I am 56 years old. I ponder how it is that in mid-life we gain weight around the middle. Guys get bellies, women go soft around the waist. Our metabolism slows as we grow older, and we slow, making weight gain feel inevitable.
After I set up housekeeping with my husband back in 1996, I put on those mid-life pounds. I had gone through a couple of especially lean years just before we got together. Living off savings so I could write, I was very careful about my grocery purchases. Back then I ate tofu and beans, a lot of simple stir-fries, and few sweets.
I had the look of a skinny vegetarian, my husband says, and he was greatly relieved to find out I was not one. The first meal he made for me (he likes to cook) was barbequed ribs over the grill.
That summer day he, his roommate, and I sat around the patio table and commenced to eat our dinner. I’m not sure what did it: the two years of avoiding fatty protein, the juiciness of my husband’s company or his own lusty approach to eating, but I tucked into my grub as though I had never tasted anything so good.
He and his roommate ate their fill and then pulled their chairs closer to watch me savor rib after charred, sauce-covered rib. In the end, the biggest stack of bones stood on my plate.
After that feast I pulled up on the reckless abandon when it came to eating, but I have certainly “grooved my grits,” as my husband puts it, in the years since.
Then a couple of years ago I got interested in fitness. I saw a trainer at the gym who told me I needed to lose 16 pounds. This shocked me. It is strange how we can put our own middles out of our minds.
I began doing Pilates, biking and taking long walks. Of course, all this made me hungry. Instead of losing weight, I gained a little. I am told I’ve probably replaced some fat pounds with muscle pounds. But still.
I decided in this new year to try a different approach to food. I have an incentive. I am thinking about participating in a 100-mile bike ride to raise money for cancer research. This will be a huge challenge, given that my longest ride so far has been a 37 miler.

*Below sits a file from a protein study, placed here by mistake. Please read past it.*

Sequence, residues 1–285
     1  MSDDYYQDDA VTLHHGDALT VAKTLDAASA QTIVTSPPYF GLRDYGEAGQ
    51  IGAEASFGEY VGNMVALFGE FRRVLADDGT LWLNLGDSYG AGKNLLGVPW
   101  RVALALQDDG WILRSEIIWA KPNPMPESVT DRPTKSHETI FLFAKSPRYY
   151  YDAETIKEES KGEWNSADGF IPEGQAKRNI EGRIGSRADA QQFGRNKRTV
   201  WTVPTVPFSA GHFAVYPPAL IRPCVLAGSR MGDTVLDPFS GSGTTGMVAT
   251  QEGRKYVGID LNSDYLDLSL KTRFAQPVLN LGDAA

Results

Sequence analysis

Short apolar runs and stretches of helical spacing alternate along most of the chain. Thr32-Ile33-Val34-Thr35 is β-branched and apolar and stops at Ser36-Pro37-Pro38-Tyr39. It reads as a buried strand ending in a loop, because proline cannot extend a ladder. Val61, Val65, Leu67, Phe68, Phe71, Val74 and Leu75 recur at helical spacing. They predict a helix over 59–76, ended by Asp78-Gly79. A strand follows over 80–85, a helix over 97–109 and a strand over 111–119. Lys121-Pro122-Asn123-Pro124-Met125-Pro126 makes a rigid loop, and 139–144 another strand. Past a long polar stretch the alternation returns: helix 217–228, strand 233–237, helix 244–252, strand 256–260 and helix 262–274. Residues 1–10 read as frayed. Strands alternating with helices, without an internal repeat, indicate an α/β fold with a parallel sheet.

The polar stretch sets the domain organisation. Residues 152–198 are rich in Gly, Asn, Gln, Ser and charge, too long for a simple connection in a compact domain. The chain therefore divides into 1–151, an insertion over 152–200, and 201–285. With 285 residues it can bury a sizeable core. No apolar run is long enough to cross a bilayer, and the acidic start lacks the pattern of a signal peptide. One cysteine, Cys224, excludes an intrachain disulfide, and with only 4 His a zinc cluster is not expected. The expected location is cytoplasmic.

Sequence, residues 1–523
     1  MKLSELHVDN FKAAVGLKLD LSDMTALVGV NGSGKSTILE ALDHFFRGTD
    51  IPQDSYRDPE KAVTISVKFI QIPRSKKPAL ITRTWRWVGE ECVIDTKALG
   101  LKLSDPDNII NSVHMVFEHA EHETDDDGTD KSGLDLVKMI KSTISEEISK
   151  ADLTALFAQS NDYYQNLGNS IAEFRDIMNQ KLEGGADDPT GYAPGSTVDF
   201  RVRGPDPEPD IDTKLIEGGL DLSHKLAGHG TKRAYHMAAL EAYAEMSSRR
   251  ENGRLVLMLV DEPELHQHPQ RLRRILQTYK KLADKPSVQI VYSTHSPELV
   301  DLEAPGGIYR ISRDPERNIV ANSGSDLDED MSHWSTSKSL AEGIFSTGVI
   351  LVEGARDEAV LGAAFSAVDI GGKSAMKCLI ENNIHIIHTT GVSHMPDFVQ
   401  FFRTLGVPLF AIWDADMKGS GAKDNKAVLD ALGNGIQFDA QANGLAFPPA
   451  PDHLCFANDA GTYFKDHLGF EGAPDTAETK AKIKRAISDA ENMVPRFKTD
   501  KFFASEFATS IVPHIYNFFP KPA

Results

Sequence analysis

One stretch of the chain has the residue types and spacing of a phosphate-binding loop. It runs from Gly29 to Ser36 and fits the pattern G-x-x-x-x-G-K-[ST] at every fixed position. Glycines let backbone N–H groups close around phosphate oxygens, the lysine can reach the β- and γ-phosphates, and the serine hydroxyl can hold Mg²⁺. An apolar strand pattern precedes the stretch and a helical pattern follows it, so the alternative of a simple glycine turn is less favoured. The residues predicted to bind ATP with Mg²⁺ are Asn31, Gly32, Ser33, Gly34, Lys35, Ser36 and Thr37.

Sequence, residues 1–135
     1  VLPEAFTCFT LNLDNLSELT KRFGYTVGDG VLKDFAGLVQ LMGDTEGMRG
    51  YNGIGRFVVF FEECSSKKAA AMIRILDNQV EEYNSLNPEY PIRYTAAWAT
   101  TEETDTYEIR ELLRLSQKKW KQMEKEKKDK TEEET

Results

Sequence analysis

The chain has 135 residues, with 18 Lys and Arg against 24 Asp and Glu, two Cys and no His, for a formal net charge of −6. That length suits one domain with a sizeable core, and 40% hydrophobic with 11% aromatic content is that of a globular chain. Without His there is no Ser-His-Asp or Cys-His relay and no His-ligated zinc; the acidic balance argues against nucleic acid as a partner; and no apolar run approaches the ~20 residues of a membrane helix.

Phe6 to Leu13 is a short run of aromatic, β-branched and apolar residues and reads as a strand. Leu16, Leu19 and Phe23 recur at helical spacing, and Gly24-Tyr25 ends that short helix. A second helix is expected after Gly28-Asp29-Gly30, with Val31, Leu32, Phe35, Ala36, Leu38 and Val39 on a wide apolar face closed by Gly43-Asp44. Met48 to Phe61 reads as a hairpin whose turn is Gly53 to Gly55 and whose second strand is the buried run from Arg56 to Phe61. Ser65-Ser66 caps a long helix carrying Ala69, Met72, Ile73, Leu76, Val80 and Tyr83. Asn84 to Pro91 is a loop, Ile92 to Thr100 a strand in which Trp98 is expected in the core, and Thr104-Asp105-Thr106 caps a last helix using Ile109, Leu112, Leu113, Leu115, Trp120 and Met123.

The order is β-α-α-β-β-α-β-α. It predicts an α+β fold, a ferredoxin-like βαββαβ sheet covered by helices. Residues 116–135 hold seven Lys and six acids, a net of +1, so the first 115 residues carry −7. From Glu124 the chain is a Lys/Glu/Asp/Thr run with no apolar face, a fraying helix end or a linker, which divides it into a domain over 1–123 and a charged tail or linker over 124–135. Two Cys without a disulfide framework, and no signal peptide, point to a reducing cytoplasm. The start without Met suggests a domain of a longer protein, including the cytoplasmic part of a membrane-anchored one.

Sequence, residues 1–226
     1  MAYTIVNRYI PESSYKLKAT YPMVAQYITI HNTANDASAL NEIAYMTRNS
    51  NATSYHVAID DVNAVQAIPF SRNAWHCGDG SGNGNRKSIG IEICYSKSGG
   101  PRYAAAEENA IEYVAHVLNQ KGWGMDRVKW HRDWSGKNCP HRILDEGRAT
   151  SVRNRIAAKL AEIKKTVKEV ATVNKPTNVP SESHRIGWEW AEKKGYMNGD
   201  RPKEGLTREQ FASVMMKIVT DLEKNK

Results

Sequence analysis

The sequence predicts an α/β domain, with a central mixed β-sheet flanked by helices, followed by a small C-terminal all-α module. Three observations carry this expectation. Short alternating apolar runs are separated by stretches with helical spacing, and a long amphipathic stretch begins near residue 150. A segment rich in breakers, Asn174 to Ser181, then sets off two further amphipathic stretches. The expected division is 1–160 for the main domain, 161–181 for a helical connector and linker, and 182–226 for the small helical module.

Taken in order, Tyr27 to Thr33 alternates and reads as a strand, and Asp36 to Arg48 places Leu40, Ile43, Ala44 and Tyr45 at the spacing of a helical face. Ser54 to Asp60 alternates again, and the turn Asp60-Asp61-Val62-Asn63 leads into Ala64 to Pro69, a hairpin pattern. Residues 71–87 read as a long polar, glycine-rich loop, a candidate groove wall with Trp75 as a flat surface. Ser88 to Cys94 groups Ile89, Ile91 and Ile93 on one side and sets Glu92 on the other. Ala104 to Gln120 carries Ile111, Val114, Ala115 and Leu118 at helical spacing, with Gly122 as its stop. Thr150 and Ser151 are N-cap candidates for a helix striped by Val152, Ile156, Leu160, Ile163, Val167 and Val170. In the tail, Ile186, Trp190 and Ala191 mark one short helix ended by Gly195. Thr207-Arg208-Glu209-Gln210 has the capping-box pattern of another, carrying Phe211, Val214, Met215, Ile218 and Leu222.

Training starts in May for this September ride. When you are training, what you eat matters in a very immediate way. You need energy, so you think more about food as fuel. Eating healthy doesn’t feel like deprivation to me, so that won’t be a problem. It is the amount I eat that needs adjusting. Extra weight can slow you down.
I read somewhere that if you cup your two hands together, as if around a small ball, that is how big your stomach is. That is the amount you are to eat at a sitting. Though I’ve known this, I’ve ignored it.
This month, with my new approach, I am trying to become attuned to what “hungry” and “full” really mean to me. I’ve not been denying myself food: if I feel hungry, I eat a little. If I want something in particular, I have a little of it. But I have been trying to eat less overall, and to eat mindfully. I try to remember to eat slower, to taste each bite, and to notice how my body reacts to what I have eaten. This is, of course, a work in progress.
Insights so far: I have been nervous about letting myself feel hungry. It has been reassuring to be overfull, perhaps due to some more generalized insecurity about not having enough. When I eat a little less, I feel better, and have more energy. Whether or not I am actually lighter, I feel lighter, and more agile.
In my middle years, when I’ve eaten that second helping, or that snack, its been to sustain the little roll around my middle. I have known that, but felt helpless to stop it. I have sensed that my soft middle has really wanted to be there.
I wonder if there is an unconscious reason for its persistence. Paul Simon sings: “Why am I soft in the middle, The rest of my life is so hard.” By mid-life most of us are a swirl in complexities — family issues, relationship issues, health issues, jobs. It is tempting to lean in with your shoulder and push when things get hard, but what works better, in nearly every case, I believe, is instead to soften.
Maybe our wise middle-aged bodies simply try, with a visual image, to convey to us that message. Once we get it, our middles just might release us.
Mary Jean Port writes at home, near Minnehaha Creek and Lake Harriet, and teaches at The Loft Literary Center.